I won’t spoil the ending for you. I thought the film was well written, visually beautiful and encapsulating. A real feel good film for the post truth era. Better than the plethora of comic book, two hour, no plot, fight fests that are spat out month after month.

The lights came up and Lady Barton St Mary gazed at me with watery eyes (it’s an emotional film, too).

“I absolutely loved it,” I said, “thanks for choosing it.”

I explained to my colleagues at (almost) voluntary work how much I’d enjoyed it, even though I dislike musicals.

“Well, I love musicals,” said one, “but I couldn’t stand La La Land.”

Perhaps La La Land is a musical for those people who hate musicals. Go and see it.



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Rural Spaceman’s Rogue One

Last week, Master Johnny and I found ourselves alone when Miss Katherine returned to University and Lady Barton St Mary was called away on business of international importance. This meant that we could treat ourselves to a night out, starting with a meal at Nando’s (I bloody love Nando’s) followed by a trip to the pictures to see a new Star Wars film called Rogue One.


Now, I am not a massive Star Wars boffin. My friends queued outside the Leicester Square cinema for the premiere of the first one in the seventies (they were even caught on camera, the grainy footage of my nerdy schoolmates in their tank tops and flares turning up on the occasional Star Wars documentary on TV) and I loved the first three, but had lost interest when the fourth one was made years later.

However, I did enjoy the last Star Wars film – The Force Awakens; the one with Hans Solo and Princess Leia, but when they’re much older. In fact, Hans Solo looks like he’s been left next to the radiator and has melted a bit. Also, The Force Awakens has the same story as the first Star Wars film in the seventies. Anyway, full of spicy chicken and coleslaw, we settled into our seats for the performance.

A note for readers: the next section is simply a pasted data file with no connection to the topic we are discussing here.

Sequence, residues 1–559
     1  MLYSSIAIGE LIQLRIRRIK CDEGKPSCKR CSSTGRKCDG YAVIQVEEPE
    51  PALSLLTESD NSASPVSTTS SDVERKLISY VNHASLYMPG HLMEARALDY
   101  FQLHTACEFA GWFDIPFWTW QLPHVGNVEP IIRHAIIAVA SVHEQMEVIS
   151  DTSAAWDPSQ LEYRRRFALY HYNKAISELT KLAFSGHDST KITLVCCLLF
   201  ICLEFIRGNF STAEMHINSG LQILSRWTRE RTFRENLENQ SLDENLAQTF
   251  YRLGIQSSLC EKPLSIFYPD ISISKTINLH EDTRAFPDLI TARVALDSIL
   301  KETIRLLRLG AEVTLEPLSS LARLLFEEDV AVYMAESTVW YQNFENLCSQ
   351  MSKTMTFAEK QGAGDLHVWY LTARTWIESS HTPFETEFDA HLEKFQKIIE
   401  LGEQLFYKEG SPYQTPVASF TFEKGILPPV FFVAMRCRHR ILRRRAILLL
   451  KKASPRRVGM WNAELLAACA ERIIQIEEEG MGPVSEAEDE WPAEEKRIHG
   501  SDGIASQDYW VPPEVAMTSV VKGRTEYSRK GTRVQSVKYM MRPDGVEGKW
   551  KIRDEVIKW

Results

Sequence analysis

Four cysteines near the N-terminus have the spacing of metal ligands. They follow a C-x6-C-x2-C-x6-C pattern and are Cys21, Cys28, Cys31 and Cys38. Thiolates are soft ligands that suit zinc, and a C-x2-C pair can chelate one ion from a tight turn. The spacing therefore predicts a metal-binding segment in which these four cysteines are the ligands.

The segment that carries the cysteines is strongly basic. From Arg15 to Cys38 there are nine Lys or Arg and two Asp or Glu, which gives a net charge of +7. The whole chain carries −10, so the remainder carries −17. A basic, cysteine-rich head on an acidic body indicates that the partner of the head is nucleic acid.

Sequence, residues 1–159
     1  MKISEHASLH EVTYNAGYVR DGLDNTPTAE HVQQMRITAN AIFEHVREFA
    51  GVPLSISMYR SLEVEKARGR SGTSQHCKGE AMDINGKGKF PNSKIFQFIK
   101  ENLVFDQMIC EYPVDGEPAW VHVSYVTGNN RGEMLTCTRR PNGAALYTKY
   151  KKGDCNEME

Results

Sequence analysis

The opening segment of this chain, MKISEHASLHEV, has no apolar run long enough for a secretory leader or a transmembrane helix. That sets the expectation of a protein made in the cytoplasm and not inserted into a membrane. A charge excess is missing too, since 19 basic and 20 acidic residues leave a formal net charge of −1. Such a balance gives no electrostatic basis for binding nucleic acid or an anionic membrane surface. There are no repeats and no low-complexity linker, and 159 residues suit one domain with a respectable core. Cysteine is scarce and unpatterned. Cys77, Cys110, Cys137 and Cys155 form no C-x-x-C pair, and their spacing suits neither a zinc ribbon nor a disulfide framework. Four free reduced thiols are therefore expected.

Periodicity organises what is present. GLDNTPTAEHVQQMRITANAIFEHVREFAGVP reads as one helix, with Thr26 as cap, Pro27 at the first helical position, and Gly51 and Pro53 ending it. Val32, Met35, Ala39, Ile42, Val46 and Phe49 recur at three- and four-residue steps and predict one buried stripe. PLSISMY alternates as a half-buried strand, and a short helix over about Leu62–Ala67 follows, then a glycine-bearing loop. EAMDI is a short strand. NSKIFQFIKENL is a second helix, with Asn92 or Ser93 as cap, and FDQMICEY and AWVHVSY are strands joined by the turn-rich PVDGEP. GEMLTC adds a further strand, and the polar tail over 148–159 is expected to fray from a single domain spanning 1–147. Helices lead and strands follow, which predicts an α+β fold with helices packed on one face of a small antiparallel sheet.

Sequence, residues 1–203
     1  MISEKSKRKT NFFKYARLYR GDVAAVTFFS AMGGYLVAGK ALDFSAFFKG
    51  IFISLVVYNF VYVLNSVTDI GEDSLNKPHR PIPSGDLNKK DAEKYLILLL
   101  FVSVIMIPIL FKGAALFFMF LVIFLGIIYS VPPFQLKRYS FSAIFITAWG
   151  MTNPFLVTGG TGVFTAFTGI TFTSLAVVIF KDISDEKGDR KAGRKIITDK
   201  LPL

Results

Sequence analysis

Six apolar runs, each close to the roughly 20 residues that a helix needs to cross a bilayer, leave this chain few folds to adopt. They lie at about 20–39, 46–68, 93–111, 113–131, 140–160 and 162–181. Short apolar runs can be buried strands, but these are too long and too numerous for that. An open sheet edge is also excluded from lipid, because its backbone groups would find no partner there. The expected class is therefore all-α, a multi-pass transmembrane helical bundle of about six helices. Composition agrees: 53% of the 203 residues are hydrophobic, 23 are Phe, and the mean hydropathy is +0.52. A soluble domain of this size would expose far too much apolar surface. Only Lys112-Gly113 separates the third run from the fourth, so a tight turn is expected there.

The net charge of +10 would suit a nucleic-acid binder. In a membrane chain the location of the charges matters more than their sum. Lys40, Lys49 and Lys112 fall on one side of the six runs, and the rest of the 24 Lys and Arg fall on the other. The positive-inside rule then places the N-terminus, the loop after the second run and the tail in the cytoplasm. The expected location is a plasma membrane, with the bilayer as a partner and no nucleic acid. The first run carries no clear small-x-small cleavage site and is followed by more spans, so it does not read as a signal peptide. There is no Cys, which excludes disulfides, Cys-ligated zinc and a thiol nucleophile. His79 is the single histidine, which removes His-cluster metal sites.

The story is about a girl called Gin (I’m amazed that Lady Barton St Mary never called Miss Katherine this). Gin looks like my sister in law Ellie, which was a little distracting; Ellie is not part of the Rebel Alliance, exactly, although she is Welsh and lives in Swansea, so as close as you can get, I suppose.


The action moved at a very brisk pace – Ellie Gin as a little girl hides in a hole and turns into a grown up. There’s Forrest Whittaker as a goodie, dressed up in one of Wallace and Gromit’s inventions, with a chest plate made out of an old kitchen sink, including the plug hole.

Eee it's the wrong trousers, Gromit!

Eee it’s the wrong trousers, Gromit

There’s a suave, exotic character who might be a goodie or a baddie. We’re not sure. However, all the super baddies wear lego bricks on the front of their shirts to make things easier, except for Daft Ada, of course, who has his own style.

Also a new robot, too;  a taller, black C3PO, showing that Star Wars can do characters without turning them into racial stereotypes (I’m thinking of the Womble with a Jamaican accent in the crap Star Wars films). Also a fair bit of kung fu action, which appeals to all the 50 something men who used to bunk into the cinema underage to watch such shinnanigans.